So even though her white count is in a normal range, all sorts of other things are out of balance. She will likely still need platelets and hemoglobin and antibiotics an all sorts of other things, and she’ll get them on a day to day basis for the next few weeks.
I’ve dropped her off at the MSS and I’m ready to head in to work now. I expect to be working pretty much full time again (with a few exceptions). It is not often that you can take three weeks off of work for a major medical crisis and step back in and pick things up, without experiencing other major crises, and we are by no means out of the woods, but we seem to be, with the beginning of the new year, getting ready to pick back up with our lives without too much major disruption (we hope), and I am grateful to everyone who has helped us to get through this.
I went in to work today, so I didn’t see it, but Beth said that one of the doctors came around with a whole group of residents who all took a look at Beth’s mouth sores (Those very ones in the photos below). The mouth sores are very uncomfortable for her – they’ve contributed to a bad sore throat that prevents her from eating. She’s still got lots of bone and muscle pain – “your whole body was burned from the inside out”, and she continues to have elevated blood pressure levels, though they are giving her Norvasc to bring that down.
It seems as if she will be going home tomorrow. We’re still waiting to hear from another doctor tonight, but she’s been off the antibiotics, and she hasn’t had a fever. Her white blood count was 4.57 this morning, which is somewhere near the normal range, and her hemoglobin was hanging out around 10.0 – both of these numbers are stratospheric for her, but only the white cells are hers (the hemoglobin is left over from some transfusions she had over the weekend).
Now that a donor has been recruited, Dr. Rossetti thinks that we will be able to “have stem cells by mid December”. No dates are firm yet, but we should be able to have a firm schedule in place by the end of next week.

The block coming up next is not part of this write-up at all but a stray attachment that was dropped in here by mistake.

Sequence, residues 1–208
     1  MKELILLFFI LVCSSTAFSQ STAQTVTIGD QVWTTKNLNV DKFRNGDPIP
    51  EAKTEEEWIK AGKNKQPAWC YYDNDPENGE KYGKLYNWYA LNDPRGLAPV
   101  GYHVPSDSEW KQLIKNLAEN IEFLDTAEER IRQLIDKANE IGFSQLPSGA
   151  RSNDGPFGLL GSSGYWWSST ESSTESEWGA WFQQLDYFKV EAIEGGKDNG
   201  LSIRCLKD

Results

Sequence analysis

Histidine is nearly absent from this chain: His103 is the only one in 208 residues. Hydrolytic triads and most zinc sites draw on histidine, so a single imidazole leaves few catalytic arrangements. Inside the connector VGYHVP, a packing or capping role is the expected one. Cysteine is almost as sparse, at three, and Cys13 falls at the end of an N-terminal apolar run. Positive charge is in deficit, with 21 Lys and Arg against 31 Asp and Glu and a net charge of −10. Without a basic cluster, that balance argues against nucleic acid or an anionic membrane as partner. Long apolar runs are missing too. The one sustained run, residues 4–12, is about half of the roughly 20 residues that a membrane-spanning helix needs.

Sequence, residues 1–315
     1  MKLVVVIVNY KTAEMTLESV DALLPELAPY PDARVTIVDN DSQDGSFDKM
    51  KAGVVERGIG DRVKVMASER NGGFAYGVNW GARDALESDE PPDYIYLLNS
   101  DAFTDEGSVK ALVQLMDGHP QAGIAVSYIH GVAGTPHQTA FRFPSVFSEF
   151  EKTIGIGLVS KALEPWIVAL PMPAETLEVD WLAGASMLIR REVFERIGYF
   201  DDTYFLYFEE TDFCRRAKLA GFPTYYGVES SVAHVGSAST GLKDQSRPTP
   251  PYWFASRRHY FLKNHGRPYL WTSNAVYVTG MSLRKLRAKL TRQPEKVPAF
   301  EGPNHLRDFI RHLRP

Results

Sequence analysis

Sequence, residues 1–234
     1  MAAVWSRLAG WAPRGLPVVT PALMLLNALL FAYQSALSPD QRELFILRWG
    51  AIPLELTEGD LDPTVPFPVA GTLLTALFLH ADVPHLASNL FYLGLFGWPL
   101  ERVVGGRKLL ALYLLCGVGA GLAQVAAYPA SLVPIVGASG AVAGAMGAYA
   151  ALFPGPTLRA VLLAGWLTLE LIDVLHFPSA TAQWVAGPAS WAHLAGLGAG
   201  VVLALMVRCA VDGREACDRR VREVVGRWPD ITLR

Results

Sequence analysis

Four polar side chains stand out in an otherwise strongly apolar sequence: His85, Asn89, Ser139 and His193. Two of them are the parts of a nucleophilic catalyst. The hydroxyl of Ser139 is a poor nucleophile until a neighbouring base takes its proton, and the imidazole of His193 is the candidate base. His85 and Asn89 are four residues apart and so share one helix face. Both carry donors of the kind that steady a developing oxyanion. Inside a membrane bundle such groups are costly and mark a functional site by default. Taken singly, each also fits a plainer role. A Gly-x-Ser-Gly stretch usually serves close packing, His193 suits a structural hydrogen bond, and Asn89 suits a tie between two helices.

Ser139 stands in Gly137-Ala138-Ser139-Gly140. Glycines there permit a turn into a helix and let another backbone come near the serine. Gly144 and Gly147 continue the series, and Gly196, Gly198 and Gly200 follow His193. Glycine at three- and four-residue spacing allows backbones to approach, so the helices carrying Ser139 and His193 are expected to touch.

Beth’s blood counts continue to be critically low – her white blood cells yesterday fell below 1.0 (“.94”) for the first time since I’ve been watching the numbers. And as I noted, her hemoglobin was 7.2, and her platelets were only 18 (again, lowest I’ve seen them). So today, Tuesday, she’ll go to Jefferson Hospital for her (7th of 7) injections of Vidaza, for two or more units of blood, and also, for platelets.
Beth’s bone marrow is defective, and every stem cell she produces is defective, and so the goal over the next few weeks (including the “intensive chemotherapy” and radiation) will be to bring her “as close to zero bone marrow” as she can get. The Vidaza, while not enabling her to produce good blood cells as promised, has at least gotten her most of the way there already. And that’s a good thing. [Also a “God” thing, as I had written at first.] The reason you want all of it gone is to reduce the chances of relapse down the road. And in addition to the “intensive chemotherapy”, the full body irradiation “cuts relapse rates 20%”, according to Dr. Rossetti. Every little bit helps.
Once the new stem cells are transplanted, then Beth’s numbers should begin to go in the right direction. Her white cells should begin to recover within 2-3 weeks. Engraftment should occur on or before day 30. Hemoglobin production should start in about three months. Anti-rejection drugs will be administered between days 35 and 90 – more or less to either to control or enable some “graft-vs-host” (GVH) effect. To some degree, the GVH has a “mopping up” effect – the immunity of the new stem cells will target and destroy any remaining defective bone marrow, or any remaining defective stem cells.
Too much, to be sure, can cause problems. But this is what the donor search has been all about: matching on precisely the right DNA characteristics, to give just enough, but not too much, GVH.